One of the most stunning places in our whole Kimberley adventure was Mitchell Falls. The scale of the falls is enormous – no picture can do it justice. The constant sound of the crashing water echoing through the gorge, the … Continue reading
It was a clear Saturday afternoon with my home chores out of the way, so I took the opportunity to setup my ED80 telescope and mount to capture the waxing gibbous Moon (about 4 days out from Full Moon). I … Continue reading
On the morning of the 14th November 2012, my family and I were on the jetty at Palm Cove waiting for the eclipse. It had poured rain overnight, and had barely any sleep because my wife came down with a … Continue reading
The Total Lunar Eclipse of December 2011 was a special one for me – it’s the first one where everything went right. After days of rain, the skies cleared on the night of the eclipse. My equipment worked flawlessly and the seeing was rock steady, giving me my sharpest images of a Total Lunar Eclipse. Continue reading
A Total Lunar Eclipse occurs when the Moon passes between the Sun and the Earth in a straight line, and the shadow of the Earth is cast upon the Moon. The red colour occurs because of scattered sunlight reaching the Moon as it passes through Earth’s atmosphere. Continue reading
One our before Total Lunar Eclipse, I was taking some test images, getting focus right, and testing the upload process as I was planning to supply images to SLOOH as part of their lunar eclipse event. The seeing was absolutely fantastic, hardly any movement in the Moon and so I grabbed a quick 100 frames to produce this pre-eclipse Full Moon image. Continue reading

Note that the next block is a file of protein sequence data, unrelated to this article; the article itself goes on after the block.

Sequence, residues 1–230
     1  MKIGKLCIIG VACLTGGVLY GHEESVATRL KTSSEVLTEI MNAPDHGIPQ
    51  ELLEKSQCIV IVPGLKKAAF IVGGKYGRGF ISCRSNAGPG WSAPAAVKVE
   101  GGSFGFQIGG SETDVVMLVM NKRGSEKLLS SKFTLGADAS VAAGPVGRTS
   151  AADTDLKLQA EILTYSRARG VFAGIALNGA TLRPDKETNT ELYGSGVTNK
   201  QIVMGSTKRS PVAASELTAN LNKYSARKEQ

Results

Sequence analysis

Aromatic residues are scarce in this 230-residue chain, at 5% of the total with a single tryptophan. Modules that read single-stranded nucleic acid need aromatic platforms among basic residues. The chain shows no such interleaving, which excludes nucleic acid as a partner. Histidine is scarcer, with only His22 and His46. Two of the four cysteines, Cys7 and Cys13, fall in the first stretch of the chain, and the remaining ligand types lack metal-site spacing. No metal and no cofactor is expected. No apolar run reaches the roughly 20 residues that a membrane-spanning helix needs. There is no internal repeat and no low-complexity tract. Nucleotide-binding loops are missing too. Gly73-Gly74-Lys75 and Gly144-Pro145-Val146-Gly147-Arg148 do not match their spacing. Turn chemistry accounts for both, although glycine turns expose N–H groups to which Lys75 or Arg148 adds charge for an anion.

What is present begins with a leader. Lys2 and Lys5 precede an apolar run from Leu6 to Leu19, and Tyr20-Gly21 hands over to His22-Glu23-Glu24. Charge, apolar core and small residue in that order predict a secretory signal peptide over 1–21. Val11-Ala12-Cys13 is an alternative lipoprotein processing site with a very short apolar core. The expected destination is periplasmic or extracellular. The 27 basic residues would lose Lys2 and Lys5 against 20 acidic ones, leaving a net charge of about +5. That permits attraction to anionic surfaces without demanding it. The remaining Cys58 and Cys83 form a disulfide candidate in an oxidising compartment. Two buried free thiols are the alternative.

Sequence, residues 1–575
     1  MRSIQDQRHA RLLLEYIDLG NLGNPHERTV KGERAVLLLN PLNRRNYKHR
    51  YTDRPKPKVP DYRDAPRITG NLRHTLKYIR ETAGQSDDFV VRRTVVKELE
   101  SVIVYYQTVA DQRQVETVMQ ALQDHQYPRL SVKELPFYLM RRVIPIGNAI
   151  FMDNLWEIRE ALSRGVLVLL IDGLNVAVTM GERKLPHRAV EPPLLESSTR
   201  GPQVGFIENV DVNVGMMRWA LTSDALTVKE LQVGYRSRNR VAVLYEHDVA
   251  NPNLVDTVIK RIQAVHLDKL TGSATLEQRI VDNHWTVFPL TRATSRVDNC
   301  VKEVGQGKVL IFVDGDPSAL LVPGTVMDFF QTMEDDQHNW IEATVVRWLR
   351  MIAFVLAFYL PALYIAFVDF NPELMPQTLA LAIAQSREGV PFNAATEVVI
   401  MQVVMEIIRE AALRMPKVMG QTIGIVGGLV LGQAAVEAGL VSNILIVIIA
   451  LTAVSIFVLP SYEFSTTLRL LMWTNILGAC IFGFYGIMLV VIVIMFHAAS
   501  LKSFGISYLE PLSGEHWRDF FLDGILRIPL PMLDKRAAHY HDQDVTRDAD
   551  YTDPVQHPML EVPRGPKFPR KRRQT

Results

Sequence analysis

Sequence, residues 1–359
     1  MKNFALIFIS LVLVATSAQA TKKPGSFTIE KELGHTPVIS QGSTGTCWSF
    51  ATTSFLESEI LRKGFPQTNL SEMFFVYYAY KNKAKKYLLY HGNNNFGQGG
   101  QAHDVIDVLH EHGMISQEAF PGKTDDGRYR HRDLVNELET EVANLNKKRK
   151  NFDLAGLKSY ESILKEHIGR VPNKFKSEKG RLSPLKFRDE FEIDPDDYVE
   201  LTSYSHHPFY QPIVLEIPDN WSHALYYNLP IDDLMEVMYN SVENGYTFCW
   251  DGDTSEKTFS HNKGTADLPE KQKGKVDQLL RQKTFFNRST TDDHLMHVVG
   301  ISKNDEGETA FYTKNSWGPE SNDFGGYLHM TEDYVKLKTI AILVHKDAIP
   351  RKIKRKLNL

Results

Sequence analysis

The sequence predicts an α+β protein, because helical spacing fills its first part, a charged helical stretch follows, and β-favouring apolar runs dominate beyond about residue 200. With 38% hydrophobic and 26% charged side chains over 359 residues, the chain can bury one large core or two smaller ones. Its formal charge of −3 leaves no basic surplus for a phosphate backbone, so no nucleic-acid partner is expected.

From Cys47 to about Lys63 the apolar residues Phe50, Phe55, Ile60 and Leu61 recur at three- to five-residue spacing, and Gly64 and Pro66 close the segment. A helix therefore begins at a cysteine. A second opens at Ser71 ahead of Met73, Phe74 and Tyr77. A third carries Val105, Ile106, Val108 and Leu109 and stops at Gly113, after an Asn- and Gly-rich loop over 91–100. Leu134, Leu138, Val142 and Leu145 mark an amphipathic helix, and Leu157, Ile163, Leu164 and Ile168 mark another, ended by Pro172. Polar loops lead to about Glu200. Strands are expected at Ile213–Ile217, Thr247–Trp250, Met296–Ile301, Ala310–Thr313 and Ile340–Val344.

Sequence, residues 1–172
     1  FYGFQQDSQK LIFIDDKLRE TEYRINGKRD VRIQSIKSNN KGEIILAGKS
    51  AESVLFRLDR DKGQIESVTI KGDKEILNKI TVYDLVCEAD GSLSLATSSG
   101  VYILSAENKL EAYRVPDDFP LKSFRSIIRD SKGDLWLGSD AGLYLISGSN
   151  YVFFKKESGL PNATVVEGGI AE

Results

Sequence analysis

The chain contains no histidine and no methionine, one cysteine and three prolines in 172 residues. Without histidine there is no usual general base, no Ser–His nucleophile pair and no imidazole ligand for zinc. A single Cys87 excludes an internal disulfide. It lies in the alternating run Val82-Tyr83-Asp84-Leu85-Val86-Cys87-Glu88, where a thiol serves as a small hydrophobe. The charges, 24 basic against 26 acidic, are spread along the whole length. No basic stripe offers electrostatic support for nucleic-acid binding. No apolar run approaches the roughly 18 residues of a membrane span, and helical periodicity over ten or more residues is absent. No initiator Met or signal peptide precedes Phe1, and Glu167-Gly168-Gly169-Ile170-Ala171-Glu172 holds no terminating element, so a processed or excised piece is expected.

When the Full moon is seen close to the horizon, it can look magnificent – especially when there’s trees, or mountains, or buildings to give it context. The Moon can look huge, thanks to the well documented Moon Illusion.
Unfortunately it’s difficult to capture the same “feeling” of the massive moon in a photograph; normally when you photograph it, it looks tiny – nothing like what it seemed with the naked eye. However with a long enough focal length, and the right foreground interest that you can also throw into focus, you can attempt to capture that “moon illusion” and re-live that impression of a huge Moon. Continue reading
Without being too deep and philosophical, in this image I’ve captured Natural and Artificial Light together, with the Moon being partially eclipsed by the lamp post. Unfortunately for those of us living in or near the city, artificial light dominates the night sky and it’s all but impossible to see any stars. Continue reading
During some early morning photo shoots during May, I captured some of the landmarks of our famous city in a beautiful pre-dawn and dawn light.
They’ll form part of a Sydney At Dawn series, and the first in the series are 3 stunning panoramas, all captured on the 18th May 2011, all in slightly different lights as dawn fast approached. Continue reading
Who can resist a Full Moon? It’s been a few months since my last astrophotography effort, but I’m having fun with the Moon at the moment – it’s quick and easy and still high impact. So I went outside for September’s Full Moon (actually about 99% waning) and captured these images. Continue reading